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eBook production doesn’t exist in a vacuum. There’s always the context that surrounds it:

  • Personal professional history | learning at school or on the job resulting in your skill set developed on or off billable time
  • Toolbox budget | budgeting for production tools and ereaders for QA
  • Deadlines | balancing your team’s ultimate goals and promised deliverables against personal and workflow pressures
  • Content | leveraging your skills most applicable to the content you’re working on (flowable, fixed, one-epub-for-all, targeted-epub-for-one-platform … and especially looking at you, ePUB3)

Add in walking the dog, petting the cat, spending time with your partner and/or kids, and keeping the house clean and it’s a wonder we keep up at all some days.

This is where a personal project can fit in. Is your to-do list filled with flowable epubs but you’re curious about fixed layout? Do you develop highly-designed ebooks for iBooks but wonder what graceful degradation looks like across platforms? Do you work on straight-text but wonder about art-heavy ebooks? Or do you work on art-heavy ebooks but wonder about pushing the typography limits of digital text?

Is your soul satisfied at the end of the workday or do you have an idea that won’t leave you alone?

A personal project can remind you of why you started down the ebook path to begin with. All it takes is some time, the glimmer of an idea, and wanting to s-t-r-e-t-c-h that little extra more and see what’s on the other side of deadlines and daily work tasks.

Of course, a personal project needs parameters just as a live work project does because we don’t have all the time in the world. If you have an idea for content that you’d like to use to expand your ebook development skills, ask yourself:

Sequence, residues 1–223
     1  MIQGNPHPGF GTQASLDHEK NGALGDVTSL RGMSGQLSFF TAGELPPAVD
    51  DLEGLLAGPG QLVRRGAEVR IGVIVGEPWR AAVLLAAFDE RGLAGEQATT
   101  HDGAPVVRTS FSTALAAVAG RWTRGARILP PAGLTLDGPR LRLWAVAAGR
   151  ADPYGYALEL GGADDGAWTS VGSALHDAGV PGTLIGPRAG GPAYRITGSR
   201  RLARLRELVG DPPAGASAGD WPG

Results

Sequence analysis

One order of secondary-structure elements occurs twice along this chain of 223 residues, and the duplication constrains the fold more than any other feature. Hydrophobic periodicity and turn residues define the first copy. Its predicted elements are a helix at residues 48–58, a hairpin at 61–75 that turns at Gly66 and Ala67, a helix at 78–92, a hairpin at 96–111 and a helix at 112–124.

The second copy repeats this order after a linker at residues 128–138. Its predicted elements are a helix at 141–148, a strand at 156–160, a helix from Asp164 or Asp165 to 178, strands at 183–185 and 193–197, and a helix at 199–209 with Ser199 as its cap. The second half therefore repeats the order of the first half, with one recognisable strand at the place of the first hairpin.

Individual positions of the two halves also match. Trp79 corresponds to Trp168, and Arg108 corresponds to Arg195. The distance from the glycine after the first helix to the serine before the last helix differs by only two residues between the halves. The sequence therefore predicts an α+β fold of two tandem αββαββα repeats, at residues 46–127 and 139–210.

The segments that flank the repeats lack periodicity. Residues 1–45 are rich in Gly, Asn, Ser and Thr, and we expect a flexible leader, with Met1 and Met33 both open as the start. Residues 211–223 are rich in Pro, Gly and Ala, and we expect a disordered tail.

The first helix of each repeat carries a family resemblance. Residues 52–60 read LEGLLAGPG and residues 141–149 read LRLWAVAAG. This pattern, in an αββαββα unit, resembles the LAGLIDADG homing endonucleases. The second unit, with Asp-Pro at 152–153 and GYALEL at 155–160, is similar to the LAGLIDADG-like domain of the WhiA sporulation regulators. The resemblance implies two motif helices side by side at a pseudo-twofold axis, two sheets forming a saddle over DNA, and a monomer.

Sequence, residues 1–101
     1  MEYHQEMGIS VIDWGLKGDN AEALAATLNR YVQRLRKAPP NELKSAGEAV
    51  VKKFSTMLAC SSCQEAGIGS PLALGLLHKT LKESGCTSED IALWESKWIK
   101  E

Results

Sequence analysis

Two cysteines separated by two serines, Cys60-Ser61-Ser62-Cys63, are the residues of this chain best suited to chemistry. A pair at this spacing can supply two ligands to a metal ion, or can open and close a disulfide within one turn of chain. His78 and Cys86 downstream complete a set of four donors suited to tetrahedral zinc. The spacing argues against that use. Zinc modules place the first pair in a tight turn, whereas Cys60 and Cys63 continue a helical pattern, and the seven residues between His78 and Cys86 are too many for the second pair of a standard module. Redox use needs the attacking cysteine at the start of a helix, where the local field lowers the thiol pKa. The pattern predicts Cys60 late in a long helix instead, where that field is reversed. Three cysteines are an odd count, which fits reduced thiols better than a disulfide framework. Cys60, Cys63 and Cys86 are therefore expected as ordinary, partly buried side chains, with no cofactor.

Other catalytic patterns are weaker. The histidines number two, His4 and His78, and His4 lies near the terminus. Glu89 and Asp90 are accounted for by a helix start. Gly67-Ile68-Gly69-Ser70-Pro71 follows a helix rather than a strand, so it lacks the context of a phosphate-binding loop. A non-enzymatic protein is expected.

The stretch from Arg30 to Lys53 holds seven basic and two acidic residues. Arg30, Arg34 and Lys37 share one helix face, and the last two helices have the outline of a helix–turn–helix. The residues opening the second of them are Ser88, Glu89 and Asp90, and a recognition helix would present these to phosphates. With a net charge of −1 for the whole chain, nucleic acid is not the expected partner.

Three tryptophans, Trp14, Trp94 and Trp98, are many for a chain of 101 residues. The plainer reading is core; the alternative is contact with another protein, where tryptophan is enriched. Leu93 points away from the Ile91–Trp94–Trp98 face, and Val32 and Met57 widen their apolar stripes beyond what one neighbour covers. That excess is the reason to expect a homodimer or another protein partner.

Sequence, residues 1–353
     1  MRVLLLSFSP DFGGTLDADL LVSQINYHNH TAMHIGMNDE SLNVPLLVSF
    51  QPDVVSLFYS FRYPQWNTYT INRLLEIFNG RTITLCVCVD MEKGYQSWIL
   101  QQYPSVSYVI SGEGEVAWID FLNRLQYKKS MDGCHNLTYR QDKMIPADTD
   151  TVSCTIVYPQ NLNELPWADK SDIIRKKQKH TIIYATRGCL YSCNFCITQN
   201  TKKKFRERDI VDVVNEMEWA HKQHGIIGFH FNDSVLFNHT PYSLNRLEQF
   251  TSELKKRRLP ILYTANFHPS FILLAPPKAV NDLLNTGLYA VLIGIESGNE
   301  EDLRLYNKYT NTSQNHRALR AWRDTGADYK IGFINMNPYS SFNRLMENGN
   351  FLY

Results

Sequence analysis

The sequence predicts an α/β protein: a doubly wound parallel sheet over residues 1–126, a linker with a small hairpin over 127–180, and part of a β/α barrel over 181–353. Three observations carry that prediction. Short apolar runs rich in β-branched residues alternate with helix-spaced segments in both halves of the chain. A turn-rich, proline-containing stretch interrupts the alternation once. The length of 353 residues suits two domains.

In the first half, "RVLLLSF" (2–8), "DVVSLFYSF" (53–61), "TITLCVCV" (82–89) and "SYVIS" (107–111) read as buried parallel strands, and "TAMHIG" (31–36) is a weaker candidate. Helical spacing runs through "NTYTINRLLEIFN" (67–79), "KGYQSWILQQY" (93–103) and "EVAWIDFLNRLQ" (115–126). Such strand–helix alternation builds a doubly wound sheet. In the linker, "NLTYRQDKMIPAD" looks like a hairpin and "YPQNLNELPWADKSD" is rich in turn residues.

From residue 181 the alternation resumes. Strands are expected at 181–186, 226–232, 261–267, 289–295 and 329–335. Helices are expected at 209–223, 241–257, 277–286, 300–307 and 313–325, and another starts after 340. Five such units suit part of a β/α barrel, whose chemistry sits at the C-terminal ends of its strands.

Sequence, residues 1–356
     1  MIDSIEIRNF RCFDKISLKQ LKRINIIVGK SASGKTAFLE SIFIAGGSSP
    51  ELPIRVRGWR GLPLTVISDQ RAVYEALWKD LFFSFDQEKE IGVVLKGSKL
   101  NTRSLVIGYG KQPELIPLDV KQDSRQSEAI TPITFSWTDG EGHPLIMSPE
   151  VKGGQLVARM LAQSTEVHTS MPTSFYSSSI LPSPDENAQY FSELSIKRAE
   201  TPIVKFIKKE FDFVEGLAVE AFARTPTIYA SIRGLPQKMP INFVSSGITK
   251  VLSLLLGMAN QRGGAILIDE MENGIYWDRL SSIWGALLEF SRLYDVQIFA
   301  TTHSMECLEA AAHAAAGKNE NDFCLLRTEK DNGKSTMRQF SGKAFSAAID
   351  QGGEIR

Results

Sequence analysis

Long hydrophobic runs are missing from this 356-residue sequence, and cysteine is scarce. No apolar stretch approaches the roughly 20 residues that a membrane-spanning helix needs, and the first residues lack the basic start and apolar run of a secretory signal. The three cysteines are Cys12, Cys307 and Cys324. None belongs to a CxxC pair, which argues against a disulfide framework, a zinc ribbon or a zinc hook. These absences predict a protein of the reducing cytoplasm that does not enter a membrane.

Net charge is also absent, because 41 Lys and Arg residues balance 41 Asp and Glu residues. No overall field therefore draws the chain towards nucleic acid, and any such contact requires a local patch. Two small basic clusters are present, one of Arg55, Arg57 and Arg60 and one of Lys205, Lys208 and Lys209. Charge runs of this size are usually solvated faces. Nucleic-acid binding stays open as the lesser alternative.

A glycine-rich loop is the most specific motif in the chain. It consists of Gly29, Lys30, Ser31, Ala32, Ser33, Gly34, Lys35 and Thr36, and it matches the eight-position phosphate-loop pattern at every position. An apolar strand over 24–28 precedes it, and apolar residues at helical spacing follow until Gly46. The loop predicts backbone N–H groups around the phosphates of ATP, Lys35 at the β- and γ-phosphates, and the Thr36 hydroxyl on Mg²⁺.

• Where is the content being generated from? my camera, my writing, public domain material, a friend’s manuscript
  • What format(s) would best display the content? flowable, fixed, enhanced, ePUB2, ePUB3
  • What development tools and ereading devices or apps will you use for your toolkit? so many possibilities
  • Is there a deadline? even if the project doesn’t go live it’s good to set one to keep yourself motivated
  • Will you distribute the ebook? among friends, sell through your website or through a vendor
  • How does this project make me feel? happy, frustrated, curious, free, motivated

This has been on my mind lately and I finally came up with an idea to put my own photographs and writings into an ebook format in time for the new year. It will be fun to experiment without a hard-and-fast deadline and learn as I’m having fun. As long as the cat gets petted and the house stays clean, all will be well.

If you’ve worked on personal ebook projects, what are the lessons you’ve learned along the way?